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Durham v. Colvin

United States District Court, E.D. Kentucky, Central Diviison, Lexington

March 24, 2015

VICTORIA DURHAM, Plaintiff,
v.
CAROLYN COLVIN, COMMISSIONER OF SOCIAL SECURITY, Defendant.

MEMORANDUM OPINION AND ORDER

HENRY R. WILHOIT, Jr., District Judge.

Plaintiff has brought this action pursuant to 42 U.S.C. §405(g) to challenge a final decision of the Defendant denying Plaintiff's application for supplemental security income benefits. The Court having reviewed the record in this case and the dispositive motions filed by the parties, and being otherwise sufficiently advised, for the reasons set forth herein, finds that the decision of the Administrative Law Judge is supported by substantial evidence and should be affirmed.

I. FACTUAL BACKGROUND AND PROCEDURAL HISTORY

Plaintiff filed her current application supplemental security income benefits in February 2009, alleging disability beginning in December 2008, due to "bad back, depression, asthma, chronic deteriorating disease and arthritis" (Tr. 407). The application was denied initially and on reconsideration, and by an Administrative Law Judge after a hearing ("ALI") (Tr. 58-105, 113-123). After Plaintiff asked the Appeals Council to review the ALJ's decision (Tr. 220), the Appeals Council remanded the case for further proceedings (Tr. 125-126). Plaintiff also filed a second application for SSI while the first application was pending. The second application was combined with the previous application and a supplemental hearing was held on July 10, 2012 (Tr. 28-57). At the hearing, Martha Goss, a vocational expert (hereinafter "VE"), testified.

At the hearing, pursuant to 20 C.F.R. § 416.920, the ALJ performed the following five-step sequential analysis in order to determine whether the Plaintiff was disabled:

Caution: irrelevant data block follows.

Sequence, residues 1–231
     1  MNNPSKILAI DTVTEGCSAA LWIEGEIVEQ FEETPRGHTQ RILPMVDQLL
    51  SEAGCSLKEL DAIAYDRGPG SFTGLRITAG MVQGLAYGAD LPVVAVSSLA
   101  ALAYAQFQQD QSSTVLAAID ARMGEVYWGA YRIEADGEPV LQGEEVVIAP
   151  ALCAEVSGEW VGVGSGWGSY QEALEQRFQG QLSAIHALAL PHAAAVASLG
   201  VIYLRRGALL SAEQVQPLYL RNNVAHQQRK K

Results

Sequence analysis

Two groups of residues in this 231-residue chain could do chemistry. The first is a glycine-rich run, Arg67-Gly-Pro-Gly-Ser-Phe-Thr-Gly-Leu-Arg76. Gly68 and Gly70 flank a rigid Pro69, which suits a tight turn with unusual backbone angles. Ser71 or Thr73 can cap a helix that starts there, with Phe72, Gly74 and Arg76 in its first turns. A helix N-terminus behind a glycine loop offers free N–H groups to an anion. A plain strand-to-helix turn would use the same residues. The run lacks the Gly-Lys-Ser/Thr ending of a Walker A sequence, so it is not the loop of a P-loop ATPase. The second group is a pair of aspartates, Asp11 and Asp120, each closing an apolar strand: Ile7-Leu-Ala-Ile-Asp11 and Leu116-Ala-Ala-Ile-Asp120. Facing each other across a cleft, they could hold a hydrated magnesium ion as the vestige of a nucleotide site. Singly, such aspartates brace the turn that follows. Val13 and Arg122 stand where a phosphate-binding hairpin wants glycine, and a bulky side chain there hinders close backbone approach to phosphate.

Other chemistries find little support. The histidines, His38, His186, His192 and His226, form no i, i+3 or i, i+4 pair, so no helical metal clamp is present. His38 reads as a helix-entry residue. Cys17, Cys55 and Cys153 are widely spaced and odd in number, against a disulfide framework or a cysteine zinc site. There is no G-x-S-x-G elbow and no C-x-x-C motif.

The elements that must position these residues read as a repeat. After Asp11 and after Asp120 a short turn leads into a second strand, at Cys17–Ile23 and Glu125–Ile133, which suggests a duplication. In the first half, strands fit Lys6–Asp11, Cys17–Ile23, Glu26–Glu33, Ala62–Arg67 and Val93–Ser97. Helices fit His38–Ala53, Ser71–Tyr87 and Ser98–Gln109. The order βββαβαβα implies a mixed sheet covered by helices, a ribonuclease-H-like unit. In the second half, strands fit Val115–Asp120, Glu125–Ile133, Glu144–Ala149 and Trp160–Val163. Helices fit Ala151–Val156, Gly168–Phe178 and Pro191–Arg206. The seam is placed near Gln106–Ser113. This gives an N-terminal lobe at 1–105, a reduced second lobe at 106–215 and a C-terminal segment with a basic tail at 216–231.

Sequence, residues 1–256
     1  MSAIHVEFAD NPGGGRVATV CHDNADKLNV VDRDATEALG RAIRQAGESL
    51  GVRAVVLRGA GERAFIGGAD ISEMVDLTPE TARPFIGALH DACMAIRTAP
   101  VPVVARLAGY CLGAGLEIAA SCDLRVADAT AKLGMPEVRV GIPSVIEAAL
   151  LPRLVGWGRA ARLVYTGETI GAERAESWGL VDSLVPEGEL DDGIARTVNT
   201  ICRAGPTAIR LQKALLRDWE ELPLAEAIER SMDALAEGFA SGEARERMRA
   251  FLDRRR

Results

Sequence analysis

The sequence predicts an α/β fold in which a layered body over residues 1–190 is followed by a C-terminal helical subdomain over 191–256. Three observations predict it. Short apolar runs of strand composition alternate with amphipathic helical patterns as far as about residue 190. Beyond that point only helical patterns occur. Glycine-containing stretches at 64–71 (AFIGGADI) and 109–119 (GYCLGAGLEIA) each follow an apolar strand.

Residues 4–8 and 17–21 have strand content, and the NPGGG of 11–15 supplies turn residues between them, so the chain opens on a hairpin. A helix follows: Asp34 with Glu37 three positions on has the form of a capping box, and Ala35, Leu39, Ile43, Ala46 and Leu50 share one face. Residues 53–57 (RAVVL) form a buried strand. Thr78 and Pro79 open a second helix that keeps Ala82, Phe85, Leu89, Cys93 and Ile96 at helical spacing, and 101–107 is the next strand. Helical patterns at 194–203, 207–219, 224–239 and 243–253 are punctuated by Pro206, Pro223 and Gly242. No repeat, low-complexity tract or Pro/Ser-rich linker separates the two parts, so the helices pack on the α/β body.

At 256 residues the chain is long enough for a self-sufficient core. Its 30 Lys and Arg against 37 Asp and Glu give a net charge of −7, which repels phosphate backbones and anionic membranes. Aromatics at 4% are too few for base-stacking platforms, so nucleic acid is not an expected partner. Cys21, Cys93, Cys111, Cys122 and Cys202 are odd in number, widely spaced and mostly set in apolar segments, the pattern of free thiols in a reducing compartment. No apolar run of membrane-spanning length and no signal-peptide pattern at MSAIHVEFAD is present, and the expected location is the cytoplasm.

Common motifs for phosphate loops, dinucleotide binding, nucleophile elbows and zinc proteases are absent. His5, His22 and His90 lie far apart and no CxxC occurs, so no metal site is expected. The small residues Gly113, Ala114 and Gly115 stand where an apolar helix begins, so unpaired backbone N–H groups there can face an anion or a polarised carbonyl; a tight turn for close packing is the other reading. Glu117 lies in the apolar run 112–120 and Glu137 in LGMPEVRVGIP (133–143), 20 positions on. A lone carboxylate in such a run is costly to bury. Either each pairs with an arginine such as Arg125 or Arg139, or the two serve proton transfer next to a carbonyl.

Step 1: If the claimant is performing substantial gainful work, he is not disabled.
Step 2: If the claimant is not performing substantial gainful work, his impairment(s) must be severe before he can be found to be disabled based upon the requirements in 20 C.F.R. § 416.920(b).
Step 3: If the claimant is not performing substantial gainful work and has a severe impairment (or impairments) that has lasted or is expected to last for a continuous period of at least twelve months, and his impairments (or impairments) meets or medically equals a listed impairment contained in Appendix I, Subpart P, Regulation No. 4, the claimant is disabled without further inquiry.
Step 4: If the claimant's impairment (or impairments) does not prevent him from doing his past relevant work, he is not disabled.
Step 5: Even if the claimant's impairment or impairments prevent him from performing his past relevant work, if other work exists in significant numbers in the national economy that accommodates his residual functional capacity and vocational factors, he is not disabled.

The ALJ issued a decision finding that Plaintiff was not disabled (Tr. 11-27). Plaintiff was 46 years old at the time she allegedly became disabled on December 31, 2008, and 49 years old at the time of the Commissioner's July 23, 2012 final decision that is now before this Court (Tr. 343). Plaintiff has a tenth grade education (Tr. 413), and previously worked as a nurse's aide, babysitter and housekeeper, although the ALJ determined that the work activity did not rise to the level of substantial gainful activity. (Tr. 18).

At Step I of the sequential analysis, the ALJ found that Plaintiff had not engaged in substantial gainful activity since the date of her application for benefits (Tr. 13).

The ALJ then determined, at Step 2, that Plaintiff suffers from status-post posterior interbody fusion with screws at L5-S1, polysubstance abuse and depression, which he found to be "severe" within the meaning of the Regulations (Tr. 13).

At Step 3, the ALJ found that Plaintiffs impairments did not meet or medically equal any of the listed impairments (Tr. 14). In doing so, the ALJ specifically ...


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